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Thermodynamic Investigations into Copper Binding in the N-Terminal Region of the Prion Protein at Low Copper Loadings

ECU Author/Contributor (non-ECU co-authors, if there are any, appear on document)
Devi Praneetha Gogineni (Creator)
Institution
East Carolina University (ECU )
Web Site: http://www.ecu.edu/lib/

Abstract: Abstract  Thermodynamic Investigation into Copper Binding  in the N-Terminal Region of the Prion Protein at Low Copper Loadings  By  Devi Praneetha Gogineni  December 2010  Chair: Rickey Hicks, Ph.D.  Major Department: Chemistry  The prion protein (PrP) is a naturally occurring protein found at high levels in central nervous system (CNS). The misfolding of the PrP is responsible for neurodegenerative diseases called transmissible spongioform encephalopathies (TSE) that include mad cow disease, scrapie in sheep and goats, kuru and Creutzfelt-Jakob disease (CJD) in humans. The normal function of the PrP is still unknown but demonstrates high selectivity for copper (Cu+2). The mature form of PrP consists of a highly unstructured N-terminal region (23-124). The copper binding region spans from residues 60 to 96 and contains four octarepeat segments, PHGGGWGQ, and a GGGTH segment. When fully copper loaded, each octarepeat binds to a copper and the fifth copper binding involves the GGGTH site. Although the molecular details of a fully Cu+2 loaded state are well understood, very little is known about the low copper binding state of PrP. At low Cu+2occupancy there is a possibility of PrP cross-linking. This project aims at obtaining the thermodynamic profile of the prion copper complex at low copper loading state to determine the forces that drive the complex formation. The model peptides were generated using solid phase peptide synthesis; the thermodynamic studies were done using isothermal titration calorimetry (ITC) and supporting spectroscopic studies by circular dichroism (CD). Examination of the ITC titration data suggests an initial binding event where two PrP's are cross-linked by a single copper ion. ITC titrations were performed in both forward and reverse directions in order to examine the reversibility of the copper binding process. Fitting the ITC data with the existing models, i.e one sets of sites, two sets of sites or sequential binding, lead to unsatisfactory fits suggesting a more complex binding process. The hypothesized binding model will hopefully lead to good fits for the ITC data and will support the hypothesis that Cu+2 is cross- linking PrP molecules at low equivalents of added Cu+2 .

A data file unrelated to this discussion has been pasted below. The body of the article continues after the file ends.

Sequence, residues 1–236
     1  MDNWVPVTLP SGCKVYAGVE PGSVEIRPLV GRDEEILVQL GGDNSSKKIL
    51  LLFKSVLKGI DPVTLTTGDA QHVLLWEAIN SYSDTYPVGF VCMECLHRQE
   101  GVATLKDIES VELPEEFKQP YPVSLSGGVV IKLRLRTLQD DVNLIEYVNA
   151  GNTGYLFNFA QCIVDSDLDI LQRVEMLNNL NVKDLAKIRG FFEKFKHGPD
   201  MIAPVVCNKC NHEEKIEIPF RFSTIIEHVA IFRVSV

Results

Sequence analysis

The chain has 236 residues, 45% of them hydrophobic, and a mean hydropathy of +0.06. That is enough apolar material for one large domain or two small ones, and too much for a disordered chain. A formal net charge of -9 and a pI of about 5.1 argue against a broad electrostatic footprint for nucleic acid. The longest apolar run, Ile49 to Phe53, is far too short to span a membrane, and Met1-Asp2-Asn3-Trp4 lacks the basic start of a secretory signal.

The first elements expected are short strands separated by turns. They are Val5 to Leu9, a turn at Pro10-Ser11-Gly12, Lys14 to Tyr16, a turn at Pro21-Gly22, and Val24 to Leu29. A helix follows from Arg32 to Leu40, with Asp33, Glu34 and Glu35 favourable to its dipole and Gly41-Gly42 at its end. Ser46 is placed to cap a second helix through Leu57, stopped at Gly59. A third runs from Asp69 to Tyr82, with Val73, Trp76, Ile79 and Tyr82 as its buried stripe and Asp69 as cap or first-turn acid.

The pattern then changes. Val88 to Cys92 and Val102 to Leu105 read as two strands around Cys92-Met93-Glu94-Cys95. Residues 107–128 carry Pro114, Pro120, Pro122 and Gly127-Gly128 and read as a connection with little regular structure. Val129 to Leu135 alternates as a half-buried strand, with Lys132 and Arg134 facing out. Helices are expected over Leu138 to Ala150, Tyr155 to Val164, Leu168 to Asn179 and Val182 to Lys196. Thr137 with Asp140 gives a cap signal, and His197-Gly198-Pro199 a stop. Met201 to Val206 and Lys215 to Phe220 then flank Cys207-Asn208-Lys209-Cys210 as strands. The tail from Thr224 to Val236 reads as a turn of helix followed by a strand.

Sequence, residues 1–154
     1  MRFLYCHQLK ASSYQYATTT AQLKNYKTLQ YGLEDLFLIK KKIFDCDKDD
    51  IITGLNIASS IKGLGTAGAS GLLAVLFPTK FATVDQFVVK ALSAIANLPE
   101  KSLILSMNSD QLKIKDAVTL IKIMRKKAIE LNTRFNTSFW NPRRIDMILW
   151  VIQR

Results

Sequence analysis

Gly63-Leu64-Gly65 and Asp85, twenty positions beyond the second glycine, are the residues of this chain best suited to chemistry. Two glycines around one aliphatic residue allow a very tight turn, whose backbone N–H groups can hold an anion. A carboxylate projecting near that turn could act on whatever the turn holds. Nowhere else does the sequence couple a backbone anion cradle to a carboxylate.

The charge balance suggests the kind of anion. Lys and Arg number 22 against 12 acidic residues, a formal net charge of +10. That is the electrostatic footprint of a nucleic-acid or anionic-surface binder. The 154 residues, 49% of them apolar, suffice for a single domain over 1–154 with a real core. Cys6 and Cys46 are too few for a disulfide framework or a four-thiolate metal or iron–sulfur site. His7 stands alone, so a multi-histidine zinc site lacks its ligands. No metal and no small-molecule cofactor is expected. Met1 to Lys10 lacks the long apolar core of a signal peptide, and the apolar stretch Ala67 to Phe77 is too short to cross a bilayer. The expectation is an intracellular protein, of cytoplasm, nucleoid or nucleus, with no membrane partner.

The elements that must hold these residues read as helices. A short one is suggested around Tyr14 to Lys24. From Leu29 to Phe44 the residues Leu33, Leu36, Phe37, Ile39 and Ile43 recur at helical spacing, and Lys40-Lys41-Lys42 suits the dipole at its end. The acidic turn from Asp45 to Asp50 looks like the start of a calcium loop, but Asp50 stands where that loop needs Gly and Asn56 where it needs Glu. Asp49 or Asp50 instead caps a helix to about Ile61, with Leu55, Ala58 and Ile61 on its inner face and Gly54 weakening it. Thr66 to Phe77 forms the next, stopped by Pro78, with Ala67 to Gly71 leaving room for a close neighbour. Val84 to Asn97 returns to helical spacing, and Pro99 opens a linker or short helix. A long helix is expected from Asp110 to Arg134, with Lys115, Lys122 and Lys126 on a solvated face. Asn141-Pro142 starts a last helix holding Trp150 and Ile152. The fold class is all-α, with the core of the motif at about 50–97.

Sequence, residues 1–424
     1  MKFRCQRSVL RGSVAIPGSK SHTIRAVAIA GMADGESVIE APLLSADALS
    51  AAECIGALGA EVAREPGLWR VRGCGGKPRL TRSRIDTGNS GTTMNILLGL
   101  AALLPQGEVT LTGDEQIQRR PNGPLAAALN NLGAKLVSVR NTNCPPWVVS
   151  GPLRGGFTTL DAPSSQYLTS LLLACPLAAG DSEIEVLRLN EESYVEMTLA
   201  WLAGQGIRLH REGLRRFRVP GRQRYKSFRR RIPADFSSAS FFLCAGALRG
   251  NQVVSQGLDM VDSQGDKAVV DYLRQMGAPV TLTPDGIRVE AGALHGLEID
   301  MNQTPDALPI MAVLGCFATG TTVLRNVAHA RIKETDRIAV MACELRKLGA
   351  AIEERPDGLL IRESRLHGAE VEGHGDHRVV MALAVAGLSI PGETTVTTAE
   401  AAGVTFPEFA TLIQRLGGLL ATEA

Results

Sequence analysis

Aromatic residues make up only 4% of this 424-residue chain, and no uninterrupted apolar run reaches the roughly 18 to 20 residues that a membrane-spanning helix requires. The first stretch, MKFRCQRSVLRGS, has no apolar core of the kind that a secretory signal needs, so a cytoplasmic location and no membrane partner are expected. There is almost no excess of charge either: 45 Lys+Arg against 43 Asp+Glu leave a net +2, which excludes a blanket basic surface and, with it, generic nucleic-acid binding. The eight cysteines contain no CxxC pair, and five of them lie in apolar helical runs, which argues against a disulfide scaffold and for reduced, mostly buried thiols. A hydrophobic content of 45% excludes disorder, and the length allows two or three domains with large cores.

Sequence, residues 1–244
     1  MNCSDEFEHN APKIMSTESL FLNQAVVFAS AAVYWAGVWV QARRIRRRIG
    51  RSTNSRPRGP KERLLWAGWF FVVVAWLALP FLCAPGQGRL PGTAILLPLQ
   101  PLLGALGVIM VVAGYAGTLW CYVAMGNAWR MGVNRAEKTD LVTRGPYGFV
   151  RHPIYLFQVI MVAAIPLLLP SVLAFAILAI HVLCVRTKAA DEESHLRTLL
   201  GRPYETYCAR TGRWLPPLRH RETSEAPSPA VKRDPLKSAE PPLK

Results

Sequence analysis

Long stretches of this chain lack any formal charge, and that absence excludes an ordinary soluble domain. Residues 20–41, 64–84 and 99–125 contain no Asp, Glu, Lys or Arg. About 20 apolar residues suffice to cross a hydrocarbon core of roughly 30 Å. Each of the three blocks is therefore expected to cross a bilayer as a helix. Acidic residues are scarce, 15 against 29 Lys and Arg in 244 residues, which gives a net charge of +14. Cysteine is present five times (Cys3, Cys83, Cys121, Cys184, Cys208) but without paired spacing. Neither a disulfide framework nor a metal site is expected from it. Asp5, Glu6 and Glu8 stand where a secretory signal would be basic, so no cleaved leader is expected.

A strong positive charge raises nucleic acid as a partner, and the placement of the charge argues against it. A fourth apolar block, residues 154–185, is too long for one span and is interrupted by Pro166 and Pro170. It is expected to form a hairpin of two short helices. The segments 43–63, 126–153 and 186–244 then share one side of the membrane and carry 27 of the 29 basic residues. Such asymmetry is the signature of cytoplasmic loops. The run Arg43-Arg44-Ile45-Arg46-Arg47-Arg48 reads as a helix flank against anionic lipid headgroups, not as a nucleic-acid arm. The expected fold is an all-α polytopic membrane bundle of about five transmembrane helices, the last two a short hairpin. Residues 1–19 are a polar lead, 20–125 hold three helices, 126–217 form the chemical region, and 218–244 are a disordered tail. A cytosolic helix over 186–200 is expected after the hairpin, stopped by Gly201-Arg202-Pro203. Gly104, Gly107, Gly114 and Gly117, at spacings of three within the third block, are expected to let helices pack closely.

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Publication
Thesis
Date: 2010
Keywords
Chemistry

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TitleLocation & LinkType of Relationship
Thermodynamic Investigations into Copper Binding in the N-Terminal Region of the Prion Protein at Low Copper Loadingshttp://thescholarship.ecu.edu/bitstream/handle/10342/3179/Gogineni_ecu_0600M_10323.pdfThe described resource references, cites, or otherwise points to the related resource.